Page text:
Pleaser and Receiver

"Light" by Mimi Stuart ©




Herman Hesse wrote in Narcissus and Goldman that in art and love, giving and taking become indistinguishable.


One-sided giving or receiving

A common dynamic seen within couples is that one partner tends to please while the other tends to receive (the giver and the taker). These opposites attract each other, because they are complementary and each partner needs to develop some of the qualities of the other side. If each partner becomes more one-sided and excessive in giving or taking, the relationship becomes more and more oppressive and unsatisfying. Ideally, both partners give and receive whole-heartedly for the right reasons without any strings attached.

The Pleaser

What’s wonderful about a pleaser (the giver) is that he or she is considerate, thoughtful, and has the other person’s well-being and happiness in mind. Such a person is compassionate and able to feel into other people’s needs and desires. Yet, if the pleaser becomes excessive in doting over the partner, the partner can feel overwhelmed and stifled, feeling a burden of guilt toward the pleaser. The partner may sense that there is an underlying need to be needed, which causes him or her to withdraw. While it’s normal to enjoy appreciation, excessive need for gratitude and even dependence is draining and uncomfortable.

Sometimes when people split up, you hear “How could he leave her? She did everything for him.” As unfair as it may seem, that may be precisely the reason he left. It can feel belittling and overwhelming to have someone do too much for you.

What pleasers need to learn

Pleasers need to learn to ask for and receive what they desire from others. There really can be no true giving unless givers take care of themselves and are able to receive as well. They also need to develop the ability to let others take care of themselves on occasion, and to make sure their giving has no sense of reciprocal obligation or neediness attached.

The Receiver

Receivers are able to fully enjoy receiving from others, which is wonderful for both partners. Receivers feel self-contained and independent, and often don’t feel they have to do a lot to please others because they feel quite satisfied in themselves. In order to be someone who can receive in a healthy way, you have to feel worthwhile and good enough about yourself to accept others’ giving (in healthy moderation).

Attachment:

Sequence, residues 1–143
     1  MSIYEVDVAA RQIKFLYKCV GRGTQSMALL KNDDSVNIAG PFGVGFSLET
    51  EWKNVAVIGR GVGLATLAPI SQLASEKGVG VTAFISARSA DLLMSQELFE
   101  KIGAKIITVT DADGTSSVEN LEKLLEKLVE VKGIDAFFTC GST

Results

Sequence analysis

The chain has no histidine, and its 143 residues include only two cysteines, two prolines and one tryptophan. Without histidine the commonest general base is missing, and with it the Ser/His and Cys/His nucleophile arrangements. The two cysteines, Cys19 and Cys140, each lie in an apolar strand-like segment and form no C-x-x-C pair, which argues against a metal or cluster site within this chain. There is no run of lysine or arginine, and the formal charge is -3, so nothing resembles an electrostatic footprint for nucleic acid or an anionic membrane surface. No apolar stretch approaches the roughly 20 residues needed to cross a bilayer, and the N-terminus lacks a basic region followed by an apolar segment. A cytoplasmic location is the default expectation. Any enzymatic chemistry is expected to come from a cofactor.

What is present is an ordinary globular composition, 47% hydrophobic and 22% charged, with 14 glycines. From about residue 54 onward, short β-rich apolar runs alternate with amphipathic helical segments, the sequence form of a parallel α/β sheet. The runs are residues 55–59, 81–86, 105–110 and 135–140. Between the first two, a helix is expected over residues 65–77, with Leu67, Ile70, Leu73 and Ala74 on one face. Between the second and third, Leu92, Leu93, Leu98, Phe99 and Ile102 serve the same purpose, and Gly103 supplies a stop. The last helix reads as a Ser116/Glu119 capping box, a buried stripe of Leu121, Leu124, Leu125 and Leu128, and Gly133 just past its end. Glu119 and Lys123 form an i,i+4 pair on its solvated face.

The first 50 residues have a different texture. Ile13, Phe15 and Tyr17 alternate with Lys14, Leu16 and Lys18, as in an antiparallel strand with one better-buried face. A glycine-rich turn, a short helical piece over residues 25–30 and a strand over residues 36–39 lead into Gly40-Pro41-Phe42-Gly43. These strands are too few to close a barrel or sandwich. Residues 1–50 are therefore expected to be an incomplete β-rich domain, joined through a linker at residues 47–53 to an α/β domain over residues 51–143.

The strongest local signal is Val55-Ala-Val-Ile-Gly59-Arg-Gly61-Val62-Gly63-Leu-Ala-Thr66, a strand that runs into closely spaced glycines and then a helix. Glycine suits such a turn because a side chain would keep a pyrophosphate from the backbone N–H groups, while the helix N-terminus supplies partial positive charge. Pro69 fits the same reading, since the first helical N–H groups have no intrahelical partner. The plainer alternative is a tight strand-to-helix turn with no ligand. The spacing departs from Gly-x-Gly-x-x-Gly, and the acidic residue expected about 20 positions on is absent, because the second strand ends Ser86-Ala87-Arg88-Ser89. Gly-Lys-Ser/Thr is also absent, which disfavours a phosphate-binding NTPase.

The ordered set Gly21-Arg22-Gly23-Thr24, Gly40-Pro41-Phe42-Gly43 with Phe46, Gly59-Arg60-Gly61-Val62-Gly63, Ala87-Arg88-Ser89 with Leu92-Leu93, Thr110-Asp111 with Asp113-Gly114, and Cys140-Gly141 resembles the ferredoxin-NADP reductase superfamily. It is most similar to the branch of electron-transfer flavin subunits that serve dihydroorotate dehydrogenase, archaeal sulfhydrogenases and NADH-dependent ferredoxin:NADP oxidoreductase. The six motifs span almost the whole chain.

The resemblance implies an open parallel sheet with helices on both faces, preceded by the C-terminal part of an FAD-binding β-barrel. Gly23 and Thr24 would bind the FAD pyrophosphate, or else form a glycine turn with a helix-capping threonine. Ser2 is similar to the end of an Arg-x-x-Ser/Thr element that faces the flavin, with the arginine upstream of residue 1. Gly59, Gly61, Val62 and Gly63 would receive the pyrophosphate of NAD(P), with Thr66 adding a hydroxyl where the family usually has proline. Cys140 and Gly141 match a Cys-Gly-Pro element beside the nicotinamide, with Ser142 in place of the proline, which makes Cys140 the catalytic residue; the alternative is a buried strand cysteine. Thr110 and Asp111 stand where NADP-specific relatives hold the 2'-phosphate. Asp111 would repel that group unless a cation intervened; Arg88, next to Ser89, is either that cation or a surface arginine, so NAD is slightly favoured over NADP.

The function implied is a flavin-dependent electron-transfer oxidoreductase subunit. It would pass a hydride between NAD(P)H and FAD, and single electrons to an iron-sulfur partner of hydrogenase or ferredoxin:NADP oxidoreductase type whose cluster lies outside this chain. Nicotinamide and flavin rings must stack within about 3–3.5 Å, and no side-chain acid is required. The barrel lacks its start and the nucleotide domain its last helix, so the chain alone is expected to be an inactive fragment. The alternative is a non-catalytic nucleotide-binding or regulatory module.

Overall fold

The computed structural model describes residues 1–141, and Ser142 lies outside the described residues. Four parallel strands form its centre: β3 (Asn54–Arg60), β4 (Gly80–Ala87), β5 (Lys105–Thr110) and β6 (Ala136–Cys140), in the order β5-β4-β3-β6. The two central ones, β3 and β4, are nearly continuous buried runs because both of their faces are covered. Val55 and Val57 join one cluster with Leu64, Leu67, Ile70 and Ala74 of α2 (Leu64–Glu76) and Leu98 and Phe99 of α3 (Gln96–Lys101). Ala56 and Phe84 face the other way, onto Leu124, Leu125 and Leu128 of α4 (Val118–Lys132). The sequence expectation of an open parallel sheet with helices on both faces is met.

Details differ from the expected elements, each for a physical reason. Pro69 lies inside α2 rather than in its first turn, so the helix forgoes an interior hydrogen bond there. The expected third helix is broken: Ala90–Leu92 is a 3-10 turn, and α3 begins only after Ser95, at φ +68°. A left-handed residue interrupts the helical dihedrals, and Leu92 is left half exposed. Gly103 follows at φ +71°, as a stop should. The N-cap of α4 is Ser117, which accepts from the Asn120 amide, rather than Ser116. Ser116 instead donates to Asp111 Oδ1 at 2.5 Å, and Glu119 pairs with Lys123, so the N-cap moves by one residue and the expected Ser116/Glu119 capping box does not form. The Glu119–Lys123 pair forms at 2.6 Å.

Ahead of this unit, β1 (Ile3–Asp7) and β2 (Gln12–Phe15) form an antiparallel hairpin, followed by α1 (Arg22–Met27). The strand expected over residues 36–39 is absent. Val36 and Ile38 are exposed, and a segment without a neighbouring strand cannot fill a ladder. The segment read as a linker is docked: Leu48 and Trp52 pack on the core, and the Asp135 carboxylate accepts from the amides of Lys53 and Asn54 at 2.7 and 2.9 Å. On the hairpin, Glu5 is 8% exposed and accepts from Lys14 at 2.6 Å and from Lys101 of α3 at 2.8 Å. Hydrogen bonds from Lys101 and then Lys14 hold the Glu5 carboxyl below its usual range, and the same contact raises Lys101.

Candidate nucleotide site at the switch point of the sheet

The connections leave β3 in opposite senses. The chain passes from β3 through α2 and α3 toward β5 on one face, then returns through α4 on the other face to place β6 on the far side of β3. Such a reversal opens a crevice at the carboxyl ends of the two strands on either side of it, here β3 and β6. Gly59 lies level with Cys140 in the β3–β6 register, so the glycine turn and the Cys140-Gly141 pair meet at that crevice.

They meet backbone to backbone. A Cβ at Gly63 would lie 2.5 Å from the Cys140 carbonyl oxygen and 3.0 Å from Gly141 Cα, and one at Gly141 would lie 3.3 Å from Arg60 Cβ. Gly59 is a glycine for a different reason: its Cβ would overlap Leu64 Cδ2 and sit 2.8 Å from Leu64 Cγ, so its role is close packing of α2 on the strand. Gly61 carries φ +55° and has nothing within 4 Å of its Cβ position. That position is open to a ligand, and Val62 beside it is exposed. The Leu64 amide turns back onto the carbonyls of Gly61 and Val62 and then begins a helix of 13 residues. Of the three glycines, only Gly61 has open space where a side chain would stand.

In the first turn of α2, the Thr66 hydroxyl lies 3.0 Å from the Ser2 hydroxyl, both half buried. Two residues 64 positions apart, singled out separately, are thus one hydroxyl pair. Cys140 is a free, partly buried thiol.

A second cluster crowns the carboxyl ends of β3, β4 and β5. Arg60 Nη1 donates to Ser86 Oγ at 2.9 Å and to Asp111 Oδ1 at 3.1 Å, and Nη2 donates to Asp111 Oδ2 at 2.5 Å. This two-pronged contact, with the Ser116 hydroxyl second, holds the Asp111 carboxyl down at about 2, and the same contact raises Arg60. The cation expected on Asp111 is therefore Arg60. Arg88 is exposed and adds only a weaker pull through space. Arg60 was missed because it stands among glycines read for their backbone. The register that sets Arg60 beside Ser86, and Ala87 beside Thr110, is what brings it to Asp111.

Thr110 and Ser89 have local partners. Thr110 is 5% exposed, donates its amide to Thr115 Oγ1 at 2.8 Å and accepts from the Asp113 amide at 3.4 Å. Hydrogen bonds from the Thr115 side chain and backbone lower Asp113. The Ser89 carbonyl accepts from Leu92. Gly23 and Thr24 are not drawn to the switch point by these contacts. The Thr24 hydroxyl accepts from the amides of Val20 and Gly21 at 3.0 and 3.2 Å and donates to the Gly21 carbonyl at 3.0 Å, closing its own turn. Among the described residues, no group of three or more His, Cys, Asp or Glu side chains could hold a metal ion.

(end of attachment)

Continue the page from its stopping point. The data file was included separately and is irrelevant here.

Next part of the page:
However, if someone simply takes and takes, without an ability or desire to give back, then there is a devouring quality in the receiving rather than joy and appreciation. A person who only receives and doesn’t give to others has a sense of entitlement based on deficiency rather than self-worth. He or she seems selfish or greedy, and incurs resentment in those who continue to give. Similar to the Grinch who stole Christmas, such people seem to fear that they will become empty or lose part of themselves if they give too much. So instead, they tend to hoard what is brought their way.

What receivers need to learn

The solution for receivers, therefore, is that they learn to experience the pleasure and joy of thinking and doing for others. They will become more whole and full by giving to others. There is a sense that when you give from the heart, you also receive the joy of giving, and when you receive from another fully, you are giving them a gift in return.

by Alison Poulsen, PhD

Read “Inner Struggle: ‘I’m tired of giving in.’”

Watch “Pursuing your Passions.”

Recommended References:

“The Voice Dialogue Series” (CDs), by Drs. Hal and Sidra Stone.

“The Pleaser” (CD), by Drs. Hal and Sidra Stone.

7 thoughts on “Pleaser and Receiver

  1. Alison Post author

    I would be polite and courteous, but not give anything more. You don’t have to satisfy everyone’s expectations, but you don’t have to be rude about it.

    In the future don’t give so much unless there’s some reciprocity. It will just breed resentment.

    Best of luck.

    Reply
    1. Anonymous

      Dear Alison,

      I apologize if my post came across as rude and offensive. Thank you for your advice. There was some reciprocity, but my point was that the friendship was superficial at best, where neither of us really knew or understood one another, and so, in the end, resentment erupted in the form of betrayal.

      According to Aristotle, there are three kinds of friendships: 1. Pleasure 2. Utility 3. Benefit.

      The third kind of friendship has yet to be discovered and cultivated…

      Thank you.

      Best,

      Anonymous

      Reply
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